3 Words English Stole from Other Languages
Whenever humans encounter something new, we need a way to talk about it. Sometimes languages simply add an extra meaning to an existing word (like mouse becoming a pointing device as well as a small rodent); sometimes they steal a word from somebody else. English is notorious for this. “We don't just borrow words,” said James Nicoll in 1990. “On occasion, English has pursued other languages down alleyways to beat them unconscious and rifle their pockets for new vocabulary.”
Some of these stolen words are obvious, some barely hint at their distant origins. And many – like these three – have surprising stories to tell.
1. Check and checkmate
When you check your phone, have a check-up at the doctor’s, or hope your progress with English will continue unchecked, you probably don’t think much about the kings of Persia.
The Farsi word Shāh (“king”) was the name of an ancient board game, which became extremely popular in 13th Century Europe. It entered Medieval Latin as “scaccus” – which became “eschès” in Old French, then morphed into the English word: “chess.” When you win a game of chess you announce “checkmate!” which is derived from the Farsi shāh māt – “the king is helpless.”
The king is “in check” when he can’t move. Sometimes your motive for stopping someone moving (through a port or a border … or a checkpoint) might be to make sure they weren’t doing anything wrong. So “check” began to mean not only “to stop,” but also “to inspect.” That’s not the end of Shāh’s impact on English. The French-speaking medieval kings of England used a grid of black and white squares to perform financial calculations with counters. This summary of accounts looked like a chessboard –an eschequier. The finances of the British Government are still called the Exchequer to this day. This is also where checkbook (or chequebook) comes from, and is why, in an American restaurant, you ask for the check at the end of a meal.
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The word “blitz” (an abbreviation of German blitzkrieg – “lightning war”) carries a powerful sense of its history – WWII and the German bombing offensive on Britain between 1940 and 1941.
And yet German strategists rarely used the word blitzkrieg at all (and never did so for the attacks on Britain). Where they did use it, the point of the “lightning” imagery was to suggest not terror from the skies but speed –a rapid land offensive leading to a decisive victory. Of course, when bombs began falling on London, a decisive German victory was exactly what the Allies feared was about to happen, so they started using a word they had picked up to refer to the fate of Poland. By the time it was clear that Britain was undergoing a long siege rather than an abrupt invasion, the word “Blitz” had stuck, picking up a new meaning of “a ferocious attack from the air.”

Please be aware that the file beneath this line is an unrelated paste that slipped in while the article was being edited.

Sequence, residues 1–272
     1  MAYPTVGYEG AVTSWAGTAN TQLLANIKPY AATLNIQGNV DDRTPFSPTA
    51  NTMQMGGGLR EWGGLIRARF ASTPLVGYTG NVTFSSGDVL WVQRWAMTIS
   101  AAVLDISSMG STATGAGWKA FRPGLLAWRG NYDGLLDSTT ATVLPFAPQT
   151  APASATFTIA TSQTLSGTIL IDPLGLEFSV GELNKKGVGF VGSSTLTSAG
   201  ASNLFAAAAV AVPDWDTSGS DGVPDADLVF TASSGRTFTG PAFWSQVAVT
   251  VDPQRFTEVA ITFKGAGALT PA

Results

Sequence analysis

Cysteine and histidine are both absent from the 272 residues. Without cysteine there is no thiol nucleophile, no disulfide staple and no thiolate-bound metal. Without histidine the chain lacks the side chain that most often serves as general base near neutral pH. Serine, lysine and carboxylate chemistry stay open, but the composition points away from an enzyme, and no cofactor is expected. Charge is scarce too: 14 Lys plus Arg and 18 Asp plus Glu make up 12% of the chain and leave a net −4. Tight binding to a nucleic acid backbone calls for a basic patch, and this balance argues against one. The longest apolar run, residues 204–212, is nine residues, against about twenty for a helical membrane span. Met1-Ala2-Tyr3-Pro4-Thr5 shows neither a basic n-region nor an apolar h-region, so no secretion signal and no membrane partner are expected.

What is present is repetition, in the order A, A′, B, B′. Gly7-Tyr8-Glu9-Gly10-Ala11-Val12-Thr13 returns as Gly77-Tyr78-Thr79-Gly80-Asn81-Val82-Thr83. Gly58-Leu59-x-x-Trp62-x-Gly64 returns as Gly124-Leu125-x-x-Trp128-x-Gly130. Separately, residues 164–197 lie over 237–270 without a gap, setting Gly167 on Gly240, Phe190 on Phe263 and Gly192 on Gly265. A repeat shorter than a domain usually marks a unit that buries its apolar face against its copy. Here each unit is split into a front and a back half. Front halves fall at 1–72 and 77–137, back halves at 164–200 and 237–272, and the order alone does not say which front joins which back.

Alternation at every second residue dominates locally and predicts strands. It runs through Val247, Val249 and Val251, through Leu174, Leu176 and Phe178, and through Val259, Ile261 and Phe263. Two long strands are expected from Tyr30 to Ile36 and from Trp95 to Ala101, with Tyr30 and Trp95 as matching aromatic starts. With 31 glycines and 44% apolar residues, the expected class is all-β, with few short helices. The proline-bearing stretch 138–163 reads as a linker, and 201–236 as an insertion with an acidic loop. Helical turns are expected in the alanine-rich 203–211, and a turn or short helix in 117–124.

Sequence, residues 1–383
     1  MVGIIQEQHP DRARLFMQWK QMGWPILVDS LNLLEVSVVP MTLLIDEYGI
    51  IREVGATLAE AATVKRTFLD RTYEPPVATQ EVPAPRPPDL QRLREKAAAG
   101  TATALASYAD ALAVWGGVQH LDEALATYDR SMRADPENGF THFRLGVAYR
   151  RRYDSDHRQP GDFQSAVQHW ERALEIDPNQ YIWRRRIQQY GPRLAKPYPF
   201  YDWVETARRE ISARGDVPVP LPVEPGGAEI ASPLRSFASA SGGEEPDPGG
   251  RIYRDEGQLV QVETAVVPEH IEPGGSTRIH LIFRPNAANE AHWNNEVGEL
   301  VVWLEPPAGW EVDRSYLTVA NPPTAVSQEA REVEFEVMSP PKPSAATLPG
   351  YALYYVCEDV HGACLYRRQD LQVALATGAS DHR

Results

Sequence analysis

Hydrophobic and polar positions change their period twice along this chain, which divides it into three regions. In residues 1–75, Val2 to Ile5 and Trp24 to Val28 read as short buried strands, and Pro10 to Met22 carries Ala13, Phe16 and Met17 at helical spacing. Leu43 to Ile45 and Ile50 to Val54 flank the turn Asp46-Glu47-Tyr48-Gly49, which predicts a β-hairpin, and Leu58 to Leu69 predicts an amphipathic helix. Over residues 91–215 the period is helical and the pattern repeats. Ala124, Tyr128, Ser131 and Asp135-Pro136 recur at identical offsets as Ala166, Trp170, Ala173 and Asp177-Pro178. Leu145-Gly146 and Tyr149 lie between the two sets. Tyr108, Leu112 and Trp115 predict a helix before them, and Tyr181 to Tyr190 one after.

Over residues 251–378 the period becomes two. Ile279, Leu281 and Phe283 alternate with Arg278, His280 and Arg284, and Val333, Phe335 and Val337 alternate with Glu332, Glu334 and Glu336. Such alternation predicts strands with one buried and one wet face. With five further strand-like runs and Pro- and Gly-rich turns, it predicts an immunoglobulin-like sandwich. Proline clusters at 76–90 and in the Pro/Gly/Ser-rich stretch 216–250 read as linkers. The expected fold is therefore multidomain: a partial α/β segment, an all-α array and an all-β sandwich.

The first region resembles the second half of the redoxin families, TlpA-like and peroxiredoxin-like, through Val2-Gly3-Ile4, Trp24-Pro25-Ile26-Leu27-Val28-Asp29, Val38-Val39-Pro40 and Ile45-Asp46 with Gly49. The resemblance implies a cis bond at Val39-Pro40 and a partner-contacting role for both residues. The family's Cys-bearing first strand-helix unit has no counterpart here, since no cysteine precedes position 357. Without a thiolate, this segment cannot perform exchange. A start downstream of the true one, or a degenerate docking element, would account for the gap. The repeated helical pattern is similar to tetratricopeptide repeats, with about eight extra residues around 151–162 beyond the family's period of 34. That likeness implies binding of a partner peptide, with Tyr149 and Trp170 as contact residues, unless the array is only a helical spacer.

After the war, the word’s English meaning continued to expand. While “the Blitz” (when capitalised) always refers to the historical event, you’ll hear the word used quite casually meaning something like “to handle a problem in a swift, emphatic way,” or “an intensive campaign”. e.g “I’m going to blitz this cold with vitamin C” “the President’s been on a real media blitz recently – he’s never off TV.”
In 1940, Katharine Brush wrote in the Washington Post: “When the radio talkers make a little mistake in diction, they call it a ‘fluff,’ and when they make a bad one they call it a ‘glitch,’ and I love it.”
Glitch is a rather endearing word, especially when you discover the Yiddish glitshn means “to slip on the ice.” In the 1930s, Yiddish radio flourished across America, running advice shows, news and game shows in both Yiddish and English. We don’t know exactly who first used “glitch” to complain of mistakes or malfunctions in radio broadcasting, but a new medium and a bilingual environment were the perfect conditions for a word to skip from one language to another. From radio, “glitch” moved on to television, with technicians of the 1950s using it to refer to various types of malfunction with the signal or frequency. Once embedded in engineering circles, “glitch” rode the wave of scientific progress all the way to Mars: “Viking II lands with glitch,” announced the St Petersburg Times in 1976, repeating what by now was common astronaut slang for a communication failure. Readers who hadn’t been following the problems of radio and TV workers were so bewildered by the strange word that the paper had to run a follow-up column to explain.
From the space age “glitch” moved easily to the digital age, expressing anything and everything that can go wrong with technology.
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